Written in response to Charles I’s publication of Eikon Basilike, the Tenure of Kings and Magistrates was written to deflect support for the king and to produce an argument to justify the regicide. Written by Charles I during his imprisonment, Eikon Basilike served as a defence for his actions during the English Civil War. Published just days after his execution in 1649, the book’s popularity was evidenced by its widespread printing and reprinting in subsequent years. Published in an attempt to play to those who believed Charles had been unjustly executed, it served as a powerful tool for his supporters in their efforts to restore the monarchy.

In Eikon Basilike, Charles I portrays himself as a pious and dutiful monarch, who sought only to act in the best interests of his people. To justify his actions during the English Civil War, Charles I based the premise of his argument on the sanctity of divine right and portrayed his bearing of arms against parliament as a natural continuation of his need to defend his God-given right to rule. Portraying himself as a victim of treacherous and ungrateful subjects who had forgotten their duty to the king, the book sought to produce sympathy and support for the monarchy so as to convince the people that the regicide was unjust and that the Restoration was needed.

The heart of Milton’s argument rests on his respect for individual liberty. For Milton, political power ultimately resides with the people, and as such, governments established to serve the needs of the people must have the power to overthrow rulers who fail to attend to the people. This view was widely shared by those in support of republicanism. As Skinner (2000) attests:

“Among the disputes between Crown and Parliament under the early Stuarts, one of the most persistent centered on the so-called “fundamental liberties of subjects” (p. 1).

Figure 4: Frontispiece, Eikon Basilike: The Portraiture of His Sacred Majestie in his Solitudes and Sufferings (Charles I, 1648).

In order to deconstruct the martyrisation of Charles I in the wake of the publication of Eikon Basilike, Milton works to portray Charles as a tyrant whose actions against the people were heinous – a crime that justifies the regicide. If power is “derivative” from the people (Milton,1851, p. 12), it is only by conditional power that the King sustains his rule. By going against the needs of the people, Charles is by natural consequence a “cursed tyrant [...] lad’n with all the innocent blood spilt” (Milton, 1851, p. 8). To undo Charles’ evocation in Eikon Basilike of the image of the traitorous people, Milton instead evokes the natural liberty of the people, unwriting their guilt and directing it toward the King instead.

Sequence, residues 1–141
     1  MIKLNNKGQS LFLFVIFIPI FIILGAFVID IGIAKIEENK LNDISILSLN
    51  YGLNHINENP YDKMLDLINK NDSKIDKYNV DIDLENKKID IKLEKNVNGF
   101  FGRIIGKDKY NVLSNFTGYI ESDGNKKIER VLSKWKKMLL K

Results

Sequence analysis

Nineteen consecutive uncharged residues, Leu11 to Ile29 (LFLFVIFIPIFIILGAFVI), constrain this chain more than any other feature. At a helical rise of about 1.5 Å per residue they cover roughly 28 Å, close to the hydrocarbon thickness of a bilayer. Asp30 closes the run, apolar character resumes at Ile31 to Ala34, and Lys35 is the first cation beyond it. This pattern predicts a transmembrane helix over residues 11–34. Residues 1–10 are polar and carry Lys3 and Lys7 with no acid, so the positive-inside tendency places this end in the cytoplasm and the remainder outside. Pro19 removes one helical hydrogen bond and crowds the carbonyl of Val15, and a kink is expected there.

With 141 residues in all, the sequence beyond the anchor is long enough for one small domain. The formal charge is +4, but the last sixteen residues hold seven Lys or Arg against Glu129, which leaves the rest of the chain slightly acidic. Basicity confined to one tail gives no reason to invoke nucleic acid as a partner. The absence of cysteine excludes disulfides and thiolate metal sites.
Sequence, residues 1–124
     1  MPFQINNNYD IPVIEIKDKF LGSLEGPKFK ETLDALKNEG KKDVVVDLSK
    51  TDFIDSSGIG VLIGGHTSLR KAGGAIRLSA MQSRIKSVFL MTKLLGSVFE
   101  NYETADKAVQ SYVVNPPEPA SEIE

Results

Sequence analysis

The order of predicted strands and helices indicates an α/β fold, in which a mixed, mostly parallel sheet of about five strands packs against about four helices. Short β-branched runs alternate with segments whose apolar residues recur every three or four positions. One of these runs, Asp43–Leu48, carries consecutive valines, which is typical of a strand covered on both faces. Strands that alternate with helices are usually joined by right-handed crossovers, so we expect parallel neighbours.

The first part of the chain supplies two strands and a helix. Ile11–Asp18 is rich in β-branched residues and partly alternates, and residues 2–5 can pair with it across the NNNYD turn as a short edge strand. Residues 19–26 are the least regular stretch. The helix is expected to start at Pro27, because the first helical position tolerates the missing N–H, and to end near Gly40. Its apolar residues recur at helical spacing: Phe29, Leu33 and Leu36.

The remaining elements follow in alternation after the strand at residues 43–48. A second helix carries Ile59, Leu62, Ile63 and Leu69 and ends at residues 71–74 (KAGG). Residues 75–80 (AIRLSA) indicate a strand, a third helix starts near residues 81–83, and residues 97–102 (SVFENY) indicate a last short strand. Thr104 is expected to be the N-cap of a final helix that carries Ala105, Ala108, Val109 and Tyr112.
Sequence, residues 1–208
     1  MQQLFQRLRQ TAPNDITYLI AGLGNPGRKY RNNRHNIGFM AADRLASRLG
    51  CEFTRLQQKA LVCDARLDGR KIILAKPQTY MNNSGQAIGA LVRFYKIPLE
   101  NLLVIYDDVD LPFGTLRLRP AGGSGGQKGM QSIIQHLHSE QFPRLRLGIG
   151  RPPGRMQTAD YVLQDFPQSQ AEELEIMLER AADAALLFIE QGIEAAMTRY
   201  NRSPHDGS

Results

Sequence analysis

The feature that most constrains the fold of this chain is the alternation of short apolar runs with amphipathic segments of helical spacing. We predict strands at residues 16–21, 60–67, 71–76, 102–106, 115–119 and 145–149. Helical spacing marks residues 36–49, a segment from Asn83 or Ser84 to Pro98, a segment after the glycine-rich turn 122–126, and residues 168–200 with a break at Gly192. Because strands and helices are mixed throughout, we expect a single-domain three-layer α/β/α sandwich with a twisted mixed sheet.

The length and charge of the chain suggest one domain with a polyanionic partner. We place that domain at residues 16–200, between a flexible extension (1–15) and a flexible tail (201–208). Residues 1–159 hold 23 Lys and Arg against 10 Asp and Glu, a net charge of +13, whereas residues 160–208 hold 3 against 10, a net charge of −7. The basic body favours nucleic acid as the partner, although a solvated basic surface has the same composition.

Milton's criticism of the absolute authority of the monarch and the magistrate is justified through biblical analysis as well as historical precedent. As Go Tashashi (2005) asserts, "Pride's Purge and the decision of the Rump Parliament that Charles I be tried and punished ... [were] blatantly illegal" (pg. 59), and in order to refute the illegality of the regicide, Milton was led to "elaborate on his theory of the origin of political authority" (pg. 59).

No man who knows ought, can be so stupid to deny that all men naturally were borne free, being the image and resemblance of God himself, and were by privilege above all the creatures, born to command and not to obey: and that they liv'd so. Till from the root of Adams transgression, falling among themselves to doe wrong and violence, and foreseeing that such courses must needs tend to the destruction of them all, they agreed by common league to bind each other from mutual injury, and joyntly to defend themselves against any that gave disturbance or opposition to such agreement. Hence came Citties, Townes and Common-wealths. And because no faith in all was found sufficiently binding, they saw it needfull to ordaine som authoritie, that might restrain by force and punishment what was violated against peace and common right ...
... These for a while govern'd well, and with much equity decided all things at thir own arbitrement: till the temptation of such a power left absolute in thir hands, perverted them at length to injustice and partialitie. Then did they who now by tryal had found the danger and inconveniences of committing arbitrary power to any, invent Laws either fram'd, or consented to by all, that should confine and limit the autority of whom they chose to govern them: that so man, of whose failing they had proof, might no more rule over them, but law and reason abstracted as much as might be from personal errors and frailties  (Milton, 1650, p. 3).  

Figure 5: The Tenure of Kings and Magistrates. John Milton. 1650.